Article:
Mashriqi Arabic, or Mashriqi ʿAmmiya, encompasses the varieties of Arabic spoken in the Mashriq, including the countries of Egypt, Lebanon, Palestine, Israel, Kuwait, Jordan, Syria, Cyprus, Turkey, Iraq, Sudan, Saudi Arabia, UAE, Oman, Bahrain and Qatar. The variety is sometimes referred to as Eastern Arabic, as opposed to Western Arabic (Maghrebi Arabic or Darija) and includes Mesopotamian Arabic and Peninsular Arabic, along with Egyptian Arabic, Sudanese Arabic, and Levantine Arabic. Speakers of Mashriqi call their language ʿAmmiya, which means "language of the majority" in Modern Standard Arabic.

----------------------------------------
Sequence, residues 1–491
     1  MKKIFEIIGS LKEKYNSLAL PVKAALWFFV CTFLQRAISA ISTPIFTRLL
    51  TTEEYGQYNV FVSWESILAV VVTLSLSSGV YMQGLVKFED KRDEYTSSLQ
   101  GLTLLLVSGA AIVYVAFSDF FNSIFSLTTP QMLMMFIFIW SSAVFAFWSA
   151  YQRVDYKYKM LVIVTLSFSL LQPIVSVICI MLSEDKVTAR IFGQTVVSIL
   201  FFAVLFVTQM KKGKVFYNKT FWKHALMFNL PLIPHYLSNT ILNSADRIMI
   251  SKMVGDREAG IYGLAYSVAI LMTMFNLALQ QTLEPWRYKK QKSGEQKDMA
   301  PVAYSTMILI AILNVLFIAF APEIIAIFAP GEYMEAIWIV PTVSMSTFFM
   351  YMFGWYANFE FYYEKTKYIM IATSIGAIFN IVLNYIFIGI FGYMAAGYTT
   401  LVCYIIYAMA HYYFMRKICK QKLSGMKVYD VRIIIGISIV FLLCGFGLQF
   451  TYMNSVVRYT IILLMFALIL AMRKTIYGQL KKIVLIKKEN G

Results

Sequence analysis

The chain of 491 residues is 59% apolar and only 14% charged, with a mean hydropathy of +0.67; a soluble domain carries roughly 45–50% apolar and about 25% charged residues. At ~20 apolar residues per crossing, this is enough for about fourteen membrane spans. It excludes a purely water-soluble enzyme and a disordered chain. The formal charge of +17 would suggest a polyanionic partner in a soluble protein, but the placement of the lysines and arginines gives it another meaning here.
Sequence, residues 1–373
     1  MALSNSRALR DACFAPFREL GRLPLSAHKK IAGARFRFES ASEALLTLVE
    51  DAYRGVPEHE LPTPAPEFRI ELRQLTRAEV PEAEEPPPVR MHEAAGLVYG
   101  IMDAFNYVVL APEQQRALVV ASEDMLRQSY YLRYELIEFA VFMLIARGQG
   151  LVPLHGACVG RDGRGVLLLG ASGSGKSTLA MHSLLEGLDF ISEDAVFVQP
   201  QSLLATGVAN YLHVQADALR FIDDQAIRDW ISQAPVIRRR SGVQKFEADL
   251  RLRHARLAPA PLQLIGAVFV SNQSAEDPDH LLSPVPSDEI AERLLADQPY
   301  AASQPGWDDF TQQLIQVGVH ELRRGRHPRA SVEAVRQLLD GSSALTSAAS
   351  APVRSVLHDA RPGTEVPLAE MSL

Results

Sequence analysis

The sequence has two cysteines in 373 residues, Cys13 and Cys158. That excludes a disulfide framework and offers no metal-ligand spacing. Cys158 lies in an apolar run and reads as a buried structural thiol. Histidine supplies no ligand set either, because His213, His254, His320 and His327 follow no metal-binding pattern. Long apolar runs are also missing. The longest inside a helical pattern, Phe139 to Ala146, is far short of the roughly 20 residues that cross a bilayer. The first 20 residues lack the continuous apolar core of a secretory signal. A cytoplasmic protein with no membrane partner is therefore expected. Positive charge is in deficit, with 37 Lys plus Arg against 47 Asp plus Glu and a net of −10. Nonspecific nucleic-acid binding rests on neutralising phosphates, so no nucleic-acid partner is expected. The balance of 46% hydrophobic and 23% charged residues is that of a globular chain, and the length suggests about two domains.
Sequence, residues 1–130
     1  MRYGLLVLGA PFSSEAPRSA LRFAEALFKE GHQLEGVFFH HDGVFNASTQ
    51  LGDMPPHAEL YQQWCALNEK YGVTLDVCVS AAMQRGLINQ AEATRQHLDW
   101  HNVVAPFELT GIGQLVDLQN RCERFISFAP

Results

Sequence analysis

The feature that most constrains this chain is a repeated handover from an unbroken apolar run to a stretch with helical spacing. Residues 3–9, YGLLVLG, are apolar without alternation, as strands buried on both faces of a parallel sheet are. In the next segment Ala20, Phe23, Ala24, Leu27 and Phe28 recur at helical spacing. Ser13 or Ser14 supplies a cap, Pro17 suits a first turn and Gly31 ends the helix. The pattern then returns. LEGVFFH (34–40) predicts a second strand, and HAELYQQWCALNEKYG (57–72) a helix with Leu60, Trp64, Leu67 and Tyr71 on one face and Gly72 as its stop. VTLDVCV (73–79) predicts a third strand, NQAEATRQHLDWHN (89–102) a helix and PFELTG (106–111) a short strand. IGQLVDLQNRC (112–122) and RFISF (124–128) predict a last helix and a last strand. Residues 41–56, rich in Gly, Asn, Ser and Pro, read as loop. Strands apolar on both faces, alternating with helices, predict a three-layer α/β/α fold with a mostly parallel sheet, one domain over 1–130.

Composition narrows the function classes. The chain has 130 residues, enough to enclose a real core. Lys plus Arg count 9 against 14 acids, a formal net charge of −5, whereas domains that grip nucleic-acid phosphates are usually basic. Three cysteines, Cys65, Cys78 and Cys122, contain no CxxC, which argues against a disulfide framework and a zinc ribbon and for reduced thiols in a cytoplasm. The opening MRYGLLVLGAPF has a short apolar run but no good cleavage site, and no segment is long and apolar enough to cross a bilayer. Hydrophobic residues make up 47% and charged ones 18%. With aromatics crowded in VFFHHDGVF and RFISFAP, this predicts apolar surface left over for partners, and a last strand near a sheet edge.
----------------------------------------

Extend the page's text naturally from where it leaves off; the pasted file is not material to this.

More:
Modern Standard Arabic (الفصحى al-fuṣḥá) is the primary language used in the government, legislation, and judiciary of countries in the Mashriq region. Mashriqi Arabic is used for almost all spoken communication, as well as in television and advertising in Egypt and Lebanon, but Modern Standard Arabic is used in written communication. In Lebanon, where Mashriqi Arabic was taught as a colloquial language as a separate subject under French colonization, some formal textbooks exist.
The varieties of Mashriqi have a significant degree of mutual intelligibility, especially between geographically adjacent ones (such as Lebanese and Syrian or between Iraqi and Kuwaiti). On the contrary, Darija is very hard to understand for Arabic-speakers from the Mashriq, as it derives from different substrata.